There’s something romantic about staring out into forever on the high seas.
But there’s nothing romantic about watching pieces of garbage float by in the waves.
Sunshine Coast resident Peter Robson is expecting to see lots of it as he sails the Anduril back from Maui after the Victoria to Maui Yacht Race this month; after all, he will be sailing right through the Great Pacific Garbage Patch during his two- to three-week journey home. It’s an area where there typically isn’t much wind, so Peter says he’ll be able to see what’s in the ocean “for kilometres and kilometres.”
The Aquarium is providing the racing sailboat with a manta trawler, which will collect debris as it skims the surface. Water samples, in which Peter expects to find microscopic pieces of plastic, will also be collected.
Peter is especially keen to see what he will find in the aftermath of the 2011 tsunami. He says as a sailor, he’s always interested to see what’s in the water, so this is a chance to channel that interest into something that will contribute to the Aquarium’s Ocean Pollution Research Program and bring awareness to the issue of marine debris.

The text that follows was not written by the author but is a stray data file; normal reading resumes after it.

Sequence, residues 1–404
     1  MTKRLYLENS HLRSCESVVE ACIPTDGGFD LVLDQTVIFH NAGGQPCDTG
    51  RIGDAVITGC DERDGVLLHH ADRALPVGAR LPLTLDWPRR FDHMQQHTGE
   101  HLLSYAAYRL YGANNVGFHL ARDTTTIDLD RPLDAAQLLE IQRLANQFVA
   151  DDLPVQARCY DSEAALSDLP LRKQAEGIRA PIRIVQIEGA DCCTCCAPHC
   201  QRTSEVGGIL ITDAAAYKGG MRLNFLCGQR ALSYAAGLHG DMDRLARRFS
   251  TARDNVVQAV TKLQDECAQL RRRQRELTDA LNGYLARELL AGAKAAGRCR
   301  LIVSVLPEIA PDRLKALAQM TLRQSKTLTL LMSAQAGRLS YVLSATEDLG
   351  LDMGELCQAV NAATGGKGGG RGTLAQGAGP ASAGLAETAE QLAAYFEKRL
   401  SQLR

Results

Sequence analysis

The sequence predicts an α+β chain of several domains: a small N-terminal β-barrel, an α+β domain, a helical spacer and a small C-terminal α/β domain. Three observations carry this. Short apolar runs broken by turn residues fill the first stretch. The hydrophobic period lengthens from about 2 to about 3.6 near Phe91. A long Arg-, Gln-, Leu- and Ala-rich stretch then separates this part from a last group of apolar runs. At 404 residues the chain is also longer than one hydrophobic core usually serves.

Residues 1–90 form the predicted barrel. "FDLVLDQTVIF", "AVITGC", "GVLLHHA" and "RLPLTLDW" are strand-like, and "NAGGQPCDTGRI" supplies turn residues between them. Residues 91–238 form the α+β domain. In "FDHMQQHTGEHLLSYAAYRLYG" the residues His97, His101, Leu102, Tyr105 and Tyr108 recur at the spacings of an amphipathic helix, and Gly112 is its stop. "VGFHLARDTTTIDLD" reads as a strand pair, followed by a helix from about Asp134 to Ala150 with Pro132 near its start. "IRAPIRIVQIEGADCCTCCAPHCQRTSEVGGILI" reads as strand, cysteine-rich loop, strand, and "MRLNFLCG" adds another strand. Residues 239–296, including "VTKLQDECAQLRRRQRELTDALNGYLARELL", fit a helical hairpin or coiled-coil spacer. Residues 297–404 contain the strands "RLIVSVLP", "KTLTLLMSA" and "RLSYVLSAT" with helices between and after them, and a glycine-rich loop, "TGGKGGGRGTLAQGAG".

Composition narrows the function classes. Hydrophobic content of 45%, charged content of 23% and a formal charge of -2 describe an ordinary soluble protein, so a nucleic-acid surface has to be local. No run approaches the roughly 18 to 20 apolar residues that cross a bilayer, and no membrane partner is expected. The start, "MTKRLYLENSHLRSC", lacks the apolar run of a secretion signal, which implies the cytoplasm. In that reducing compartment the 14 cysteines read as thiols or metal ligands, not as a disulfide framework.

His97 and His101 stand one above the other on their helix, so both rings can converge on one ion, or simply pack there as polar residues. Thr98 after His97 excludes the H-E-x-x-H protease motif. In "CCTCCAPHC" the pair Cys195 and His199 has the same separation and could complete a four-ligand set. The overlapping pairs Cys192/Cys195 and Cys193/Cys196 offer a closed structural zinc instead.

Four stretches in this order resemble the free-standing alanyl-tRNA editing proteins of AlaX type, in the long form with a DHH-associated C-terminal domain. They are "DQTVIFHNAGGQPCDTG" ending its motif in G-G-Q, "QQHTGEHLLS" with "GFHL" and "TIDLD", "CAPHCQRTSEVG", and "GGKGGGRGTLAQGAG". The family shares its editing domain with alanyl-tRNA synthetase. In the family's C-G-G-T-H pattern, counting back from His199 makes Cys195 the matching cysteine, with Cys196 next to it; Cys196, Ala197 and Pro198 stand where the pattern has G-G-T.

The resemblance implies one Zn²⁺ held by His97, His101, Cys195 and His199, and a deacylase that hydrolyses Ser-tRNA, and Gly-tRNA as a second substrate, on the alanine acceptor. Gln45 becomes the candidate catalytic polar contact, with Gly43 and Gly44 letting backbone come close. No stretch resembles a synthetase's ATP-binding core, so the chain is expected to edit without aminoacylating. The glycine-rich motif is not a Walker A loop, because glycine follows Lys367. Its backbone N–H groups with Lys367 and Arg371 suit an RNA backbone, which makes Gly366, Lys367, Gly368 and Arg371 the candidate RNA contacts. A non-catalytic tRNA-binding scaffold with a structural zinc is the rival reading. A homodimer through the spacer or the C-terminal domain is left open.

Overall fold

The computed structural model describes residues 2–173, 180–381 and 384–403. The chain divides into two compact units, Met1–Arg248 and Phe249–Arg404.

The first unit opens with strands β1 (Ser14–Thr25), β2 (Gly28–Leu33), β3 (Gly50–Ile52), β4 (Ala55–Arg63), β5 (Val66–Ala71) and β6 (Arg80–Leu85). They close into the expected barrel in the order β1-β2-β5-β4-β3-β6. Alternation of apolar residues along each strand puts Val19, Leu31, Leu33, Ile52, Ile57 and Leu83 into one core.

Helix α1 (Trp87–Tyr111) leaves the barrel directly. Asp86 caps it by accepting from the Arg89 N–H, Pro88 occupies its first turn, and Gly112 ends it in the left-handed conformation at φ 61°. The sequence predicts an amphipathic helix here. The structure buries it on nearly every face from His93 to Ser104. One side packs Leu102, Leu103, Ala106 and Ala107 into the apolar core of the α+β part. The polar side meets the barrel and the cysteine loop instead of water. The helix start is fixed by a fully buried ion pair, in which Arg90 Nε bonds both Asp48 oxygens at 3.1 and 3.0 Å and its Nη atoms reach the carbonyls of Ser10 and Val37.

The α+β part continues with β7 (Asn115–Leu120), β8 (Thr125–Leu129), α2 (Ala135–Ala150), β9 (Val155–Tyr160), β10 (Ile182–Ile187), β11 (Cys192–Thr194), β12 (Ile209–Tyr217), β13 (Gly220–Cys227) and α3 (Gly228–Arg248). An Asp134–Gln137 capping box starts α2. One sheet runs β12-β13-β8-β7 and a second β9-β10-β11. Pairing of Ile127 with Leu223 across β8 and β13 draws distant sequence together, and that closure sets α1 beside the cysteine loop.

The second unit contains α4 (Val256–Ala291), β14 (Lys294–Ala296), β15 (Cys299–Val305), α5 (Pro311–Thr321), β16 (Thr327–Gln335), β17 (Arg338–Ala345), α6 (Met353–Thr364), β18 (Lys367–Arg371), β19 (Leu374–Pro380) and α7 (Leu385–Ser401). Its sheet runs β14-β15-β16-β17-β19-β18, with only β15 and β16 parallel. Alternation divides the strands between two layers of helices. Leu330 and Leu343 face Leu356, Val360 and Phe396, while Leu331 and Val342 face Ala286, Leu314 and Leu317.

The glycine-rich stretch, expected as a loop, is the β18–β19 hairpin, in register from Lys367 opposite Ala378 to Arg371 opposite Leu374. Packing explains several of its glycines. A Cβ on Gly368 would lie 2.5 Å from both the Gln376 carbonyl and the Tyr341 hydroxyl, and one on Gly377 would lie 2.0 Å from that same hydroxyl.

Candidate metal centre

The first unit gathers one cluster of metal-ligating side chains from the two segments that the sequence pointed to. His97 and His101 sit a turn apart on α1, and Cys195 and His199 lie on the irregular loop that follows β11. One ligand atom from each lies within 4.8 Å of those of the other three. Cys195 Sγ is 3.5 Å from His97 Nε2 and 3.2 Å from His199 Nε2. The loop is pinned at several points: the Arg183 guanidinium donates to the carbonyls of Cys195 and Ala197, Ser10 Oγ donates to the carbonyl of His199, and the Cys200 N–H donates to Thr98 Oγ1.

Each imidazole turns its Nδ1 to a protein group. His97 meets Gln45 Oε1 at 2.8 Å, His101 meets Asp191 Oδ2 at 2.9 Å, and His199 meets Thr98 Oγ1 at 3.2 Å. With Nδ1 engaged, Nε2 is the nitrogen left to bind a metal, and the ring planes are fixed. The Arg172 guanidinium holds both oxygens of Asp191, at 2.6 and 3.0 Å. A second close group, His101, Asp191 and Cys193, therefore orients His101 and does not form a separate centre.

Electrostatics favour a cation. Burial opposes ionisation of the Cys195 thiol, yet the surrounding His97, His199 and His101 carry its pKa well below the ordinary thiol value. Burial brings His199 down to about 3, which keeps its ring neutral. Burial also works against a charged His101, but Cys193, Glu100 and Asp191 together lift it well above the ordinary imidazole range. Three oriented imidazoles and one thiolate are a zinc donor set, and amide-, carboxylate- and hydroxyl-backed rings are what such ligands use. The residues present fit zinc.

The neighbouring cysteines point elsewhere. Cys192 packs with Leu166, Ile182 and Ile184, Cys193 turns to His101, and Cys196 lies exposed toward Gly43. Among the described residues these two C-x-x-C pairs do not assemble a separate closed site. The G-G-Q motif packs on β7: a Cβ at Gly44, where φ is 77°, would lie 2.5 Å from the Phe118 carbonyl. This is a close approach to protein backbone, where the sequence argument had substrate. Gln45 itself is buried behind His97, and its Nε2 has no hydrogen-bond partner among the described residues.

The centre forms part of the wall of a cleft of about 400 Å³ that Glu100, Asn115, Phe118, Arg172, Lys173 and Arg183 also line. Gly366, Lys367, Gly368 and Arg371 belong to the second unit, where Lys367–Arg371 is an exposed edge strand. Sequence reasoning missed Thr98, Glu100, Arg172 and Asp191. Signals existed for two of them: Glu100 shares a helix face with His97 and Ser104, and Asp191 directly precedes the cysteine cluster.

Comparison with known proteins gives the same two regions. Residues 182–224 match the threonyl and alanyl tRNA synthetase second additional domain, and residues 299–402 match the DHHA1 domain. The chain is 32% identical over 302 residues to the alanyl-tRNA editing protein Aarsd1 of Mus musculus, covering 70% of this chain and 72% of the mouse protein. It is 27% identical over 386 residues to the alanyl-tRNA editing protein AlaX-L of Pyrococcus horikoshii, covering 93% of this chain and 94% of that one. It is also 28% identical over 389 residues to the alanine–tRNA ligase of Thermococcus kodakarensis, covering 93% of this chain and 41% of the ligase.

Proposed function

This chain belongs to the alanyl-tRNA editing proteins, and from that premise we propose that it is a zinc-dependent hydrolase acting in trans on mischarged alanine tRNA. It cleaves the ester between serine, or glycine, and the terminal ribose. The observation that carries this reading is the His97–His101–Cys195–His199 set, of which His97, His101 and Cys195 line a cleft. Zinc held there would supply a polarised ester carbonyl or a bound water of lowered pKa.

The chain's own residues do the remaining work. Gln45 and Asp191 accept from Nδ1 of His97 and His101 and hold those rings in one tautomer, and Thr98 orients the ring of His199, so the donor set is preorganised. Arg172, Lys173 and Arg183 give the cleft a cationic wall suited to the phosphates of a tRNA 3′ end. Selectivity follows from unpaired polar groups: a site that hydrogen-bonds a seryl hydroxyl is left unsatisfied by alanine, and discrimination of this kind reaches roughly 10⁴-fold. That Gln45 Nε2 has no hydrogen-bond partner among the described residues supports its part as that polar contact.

“Looking all around you, to see garbage out there is pretty disgusting.”
Although Peter is a seasoned mariner (he spent a month sailing between China and Victoria in 2006), this will be his first Victoria to Maui Yacht Race. He calls it “the biggest sailing challenge in this part of the world.”
This may be the biggest sailing challenge, but he’s also now embarking on a huge environmental challenge – inspiring others to think twice about what they throw out and into the ocean.
Stay tuned for an update in the coming weeks…
Written by Karen Horak, writer-editor, content and digital experience at the Vancouver Aquarium.